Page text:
Countries have been urged to come up with effective measures that will enable the population get access to clean water; to avoid the sum being wasted due to unsafe and poor water supply globally.
The call was made by Liberian President, Ellen Johnson Sirleaf, during the UN Secretary-General's High-Level Panel that took place on Wednesday in Monrovia.
"US$260 billion in economic losses annually is directly linked to inadequate water supply and sanitation around the world. We must take this issue more seriously," she said.
Sirleaf was one of the three co-Chairs of the UN Secretary-General's High-level Panel of Eminent Persons on the Post-2015 Development Agenda.
She urged that access to adequate sanitation is seen as an outcome of development, rather than a driver of economic development and poverty reduction.
The 2011 Noble Prize Winner gave examples of countries which have addressed the challenge saying it has effectively contributed to their economic development.
"South Korea, Malaysia and Singapore in the 1960's and 1970's demonstrated the potential for boosting economic development by addressing sanitation," she said.
The meeting was also chaired by UK Prime Minister David Cameron, and the President of Indonesia, Susilo Bambang Yudhoyono. It was held under the theme "economic transformation"; attracting government officials from various countries, representatives of the private sector as well as civil society organizations.
Sirleaf, who is also Goodwill Ambassador for water, sanitation and hygiene in Africa, noted that without more progress in providing access to safe water and effective sanitation, children will continue to miss school and health costs will continue to be a drag on national economies.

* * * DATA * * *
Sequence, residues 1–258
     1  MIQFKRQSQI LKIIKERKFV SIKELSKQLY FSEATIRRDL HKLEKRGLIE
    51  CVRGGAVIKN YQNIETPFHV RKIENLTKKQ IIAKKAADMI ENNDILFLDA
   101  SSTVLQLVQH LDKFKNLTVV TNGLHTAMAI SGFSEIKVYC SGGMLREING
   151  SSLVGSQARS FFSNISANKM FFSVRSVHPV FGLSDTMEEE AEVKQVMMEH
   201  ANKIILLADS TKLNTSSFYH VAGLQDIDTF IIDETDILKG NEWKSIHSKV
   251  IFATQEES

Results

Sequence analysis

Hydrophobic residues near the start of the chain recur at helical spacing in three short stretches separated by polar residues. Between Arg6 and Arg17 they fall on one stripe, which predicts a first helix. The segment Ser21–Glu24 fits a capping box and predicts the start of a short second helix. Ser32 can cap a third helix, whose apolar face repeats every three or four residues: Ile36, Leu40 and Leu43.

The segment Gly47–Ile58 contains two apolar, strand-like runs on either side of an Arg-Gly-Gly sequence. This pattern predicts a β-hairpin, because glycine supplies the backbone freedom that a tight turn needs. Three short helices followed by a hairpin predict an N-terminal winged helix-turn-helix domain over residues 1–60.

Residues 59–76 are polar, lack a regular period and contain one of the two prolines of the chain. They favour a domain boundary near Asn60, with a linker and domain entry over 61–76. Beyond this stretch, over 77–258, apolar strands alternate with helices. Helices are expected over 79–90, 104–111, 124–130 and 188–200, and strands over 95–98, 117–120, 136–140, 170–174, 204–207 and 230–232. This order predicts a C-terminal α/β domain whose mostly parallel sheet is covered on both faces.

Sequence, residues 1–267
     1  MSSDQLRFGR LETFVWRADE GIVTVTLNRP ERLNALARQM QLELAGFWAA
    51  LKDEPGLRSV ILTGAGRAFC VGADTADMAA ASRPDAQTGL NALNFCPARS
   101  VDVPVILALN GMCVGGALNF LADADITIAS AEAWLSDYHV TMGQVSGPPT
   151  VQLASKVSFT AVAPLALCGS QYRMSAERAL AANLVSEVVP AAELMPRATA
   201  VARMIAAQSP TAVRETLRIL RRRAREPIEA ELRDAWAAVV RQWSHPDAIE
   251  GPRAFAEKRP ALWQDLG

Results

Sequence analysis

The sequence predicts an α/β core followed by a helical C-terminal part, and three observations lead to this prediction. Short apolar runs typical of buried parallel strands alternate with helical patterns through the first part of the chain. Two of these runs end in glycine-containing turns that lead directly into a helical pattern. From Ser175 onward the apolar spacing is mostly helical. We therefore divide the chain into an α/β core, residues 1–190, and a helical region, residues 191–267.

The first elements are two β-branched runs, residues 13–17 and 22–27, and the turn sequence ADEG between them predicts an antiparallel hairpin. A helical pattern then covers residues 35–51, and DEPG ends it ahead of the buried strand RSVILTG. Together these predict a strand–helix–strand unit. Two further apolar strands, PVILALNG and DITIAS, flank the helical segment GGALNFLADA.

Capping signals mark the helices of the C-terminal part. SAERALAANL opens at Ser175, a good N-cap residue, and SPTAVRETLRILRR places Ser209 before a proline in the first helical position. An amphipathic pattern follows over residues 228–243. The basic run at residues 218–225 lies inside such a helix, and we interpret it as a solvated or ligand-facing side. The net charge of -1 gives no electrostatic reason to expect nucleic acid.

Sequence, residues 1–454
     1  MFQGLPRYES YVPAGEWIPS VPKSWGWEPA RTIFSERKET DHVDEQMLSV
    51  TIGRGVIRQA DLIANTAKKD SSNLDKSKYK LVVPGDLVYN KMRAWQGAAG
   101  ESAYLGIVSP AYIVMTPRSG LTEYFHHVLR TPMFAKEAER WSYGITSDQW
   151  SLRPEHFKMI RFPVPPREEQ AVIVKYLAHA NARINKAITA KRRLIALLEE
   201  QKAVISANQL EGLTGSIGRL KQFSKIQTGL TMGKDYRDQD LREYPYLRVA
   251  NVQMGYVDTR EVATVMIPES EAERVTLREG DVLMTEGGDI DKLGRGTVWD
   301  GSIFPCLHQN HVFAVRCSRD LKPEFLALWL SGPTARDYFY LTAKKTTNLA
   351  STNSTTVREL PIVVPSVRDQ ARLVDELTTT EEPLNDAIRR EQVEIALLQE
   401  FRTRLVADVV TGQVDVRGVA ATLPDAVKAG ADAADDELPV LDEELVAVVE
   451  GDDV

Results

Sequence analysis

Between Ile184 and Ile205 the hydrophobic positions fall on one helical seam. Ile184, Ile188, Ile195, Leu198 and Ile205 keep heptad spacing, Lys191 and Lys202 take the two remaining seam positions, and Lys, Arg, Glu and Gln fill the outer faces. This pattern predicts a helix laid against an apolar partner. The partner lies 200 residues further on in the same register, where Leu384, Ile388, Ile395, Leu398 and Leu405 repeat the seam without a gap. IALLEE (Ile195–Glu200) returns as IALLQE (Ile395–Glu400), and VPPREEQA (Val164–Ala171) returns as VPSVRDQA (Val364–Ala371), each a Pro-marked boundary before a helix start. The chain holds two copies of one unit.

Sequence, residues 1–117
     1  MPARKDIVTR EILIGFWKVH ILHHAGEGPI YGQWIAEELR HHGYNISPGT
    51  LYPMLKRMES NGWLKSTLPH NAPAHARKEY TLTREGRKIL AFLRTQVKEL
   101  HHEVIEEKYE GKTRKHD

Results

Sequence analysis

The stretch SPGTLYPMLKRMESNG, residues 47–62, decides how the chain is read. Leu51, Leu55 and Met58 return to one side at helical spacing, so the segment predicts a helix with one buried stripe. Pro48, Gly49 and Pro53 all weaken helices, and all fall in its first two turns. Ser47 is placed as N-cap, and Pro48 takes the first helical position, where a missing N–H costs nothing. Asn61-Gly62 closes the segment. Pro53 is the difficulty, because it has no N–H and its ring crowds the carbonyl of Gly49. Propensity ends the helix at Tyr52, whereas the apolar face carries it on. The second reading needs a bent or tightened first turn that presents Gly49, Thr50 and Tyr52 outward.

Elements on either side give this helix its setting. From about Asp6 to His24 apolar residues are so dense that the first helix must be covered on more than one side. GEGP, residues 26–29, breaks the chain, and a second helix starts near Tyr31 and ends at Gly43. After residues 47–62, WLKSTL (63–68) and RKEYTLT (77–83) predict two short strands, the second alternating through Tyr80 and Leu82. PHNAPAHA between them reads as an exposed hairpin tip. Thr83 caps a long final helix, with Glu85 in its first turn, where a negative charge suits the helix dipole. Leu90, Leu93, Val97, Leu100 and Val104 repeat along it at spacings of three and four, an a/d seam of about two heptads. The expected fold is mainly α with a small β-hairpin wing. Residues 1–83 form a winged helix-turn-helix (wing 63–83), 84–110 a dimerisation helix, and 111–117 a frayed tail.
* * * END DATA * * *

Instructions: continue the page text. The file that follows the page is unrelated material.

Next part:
"Adults will continue to miss work, and women and girls will continue to spend hours every day fetching water, typically from dirty sources," she said.
Speaking to The Sunday Times, the Director of Water and Sewage Utility at the Energy Water and Sanitation Authority (EWSA), Theoneste Minani, said that his institution has embarked on a new strategy that will see at least 80 percent of the population get access to clean water in two years.
"We have put in place eighteen water treatment plants countrywide and this has effectively contributed to our capacity in making sure that water that the population uses meets the required standards," he said.
Minani added that each treatment plant has a laboratory and that sampling does not only stop at the plans that EWASA officials go as far as collecting samples from households to check or further test.
Mobile laboratories he said are used in rural areas considered to be far away from the permanent labs.
"When we realize that even after the purification exercise the water does not meet the required standard we do not supply or distribute it," he said.
Minani attributed such circumstances to various factors that include pollution and certain specific minerals that might be underground thereby affecting the quality of water.